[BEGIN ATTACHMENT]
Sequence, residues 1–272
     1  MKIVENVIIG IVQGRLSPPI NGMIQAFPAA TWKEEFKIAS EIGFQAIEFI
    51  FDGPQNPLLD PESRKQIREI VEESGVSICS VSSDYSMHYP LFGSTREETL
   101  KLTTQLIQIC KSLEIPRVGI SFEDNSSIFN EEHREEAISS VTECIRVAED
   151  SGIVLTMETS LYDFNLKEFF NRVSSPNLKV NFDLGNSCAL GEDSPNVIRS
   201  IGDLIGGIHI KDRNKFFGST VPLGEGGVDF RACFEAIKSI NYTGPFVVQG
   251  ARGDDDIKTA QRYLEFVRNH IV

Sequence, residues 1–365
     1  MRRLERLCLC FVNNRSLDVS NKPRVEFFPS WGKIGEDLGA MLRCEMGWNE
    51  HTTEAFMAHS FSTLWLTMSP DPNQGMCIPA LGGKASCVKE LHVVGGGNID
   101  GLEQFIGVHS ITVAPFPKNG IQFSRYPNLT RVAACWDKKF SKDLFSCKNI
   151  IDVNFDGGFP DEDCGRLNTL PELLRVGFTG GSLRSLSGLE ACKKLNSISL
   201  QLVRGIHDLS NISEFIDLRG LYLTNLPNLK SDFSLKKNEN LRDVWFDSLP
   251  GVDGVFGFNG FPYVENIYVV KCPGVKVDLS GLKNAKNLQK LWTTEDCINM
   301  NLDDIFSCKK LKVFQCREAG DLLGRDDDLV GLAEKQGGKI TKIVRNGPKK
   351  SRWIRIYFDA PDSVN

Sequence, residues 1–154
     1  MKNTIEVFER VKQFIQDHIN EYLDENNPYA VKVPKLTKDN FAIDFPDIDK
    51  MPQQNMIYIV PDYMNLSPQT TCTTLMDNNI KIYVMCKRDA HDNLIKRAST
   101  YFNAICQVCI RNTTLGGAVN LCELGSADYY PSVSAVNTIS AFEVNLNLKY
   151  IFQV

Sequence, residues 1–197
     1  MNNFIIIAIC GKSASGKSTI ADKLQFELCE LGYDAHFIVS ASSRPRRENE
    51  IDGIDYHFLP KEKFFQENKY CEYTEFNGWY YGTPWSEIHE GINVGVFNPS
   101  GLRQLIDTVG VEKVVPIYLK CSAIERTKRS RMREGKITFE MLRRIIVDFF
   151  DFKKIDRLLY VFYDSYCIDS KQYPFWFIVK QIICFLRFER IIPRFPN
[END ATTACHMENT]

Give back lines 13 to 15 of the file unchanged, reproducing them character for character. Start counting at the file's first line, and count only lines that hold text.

   201  QLVRGIHDLS NISEFIDLRG LYLTNLPNLK SDFSLKKNEN LRDVWFDSLP
   251  GVDGVFGFNG FPYVENIYVV KCPGVKVDLS GLKNAKNLQK LWTTEDCINM
   301  NLDDIFSCKK LKVFQCREAG DLLGRDDDLV GLAEKQGGKI TKIVRNGPKK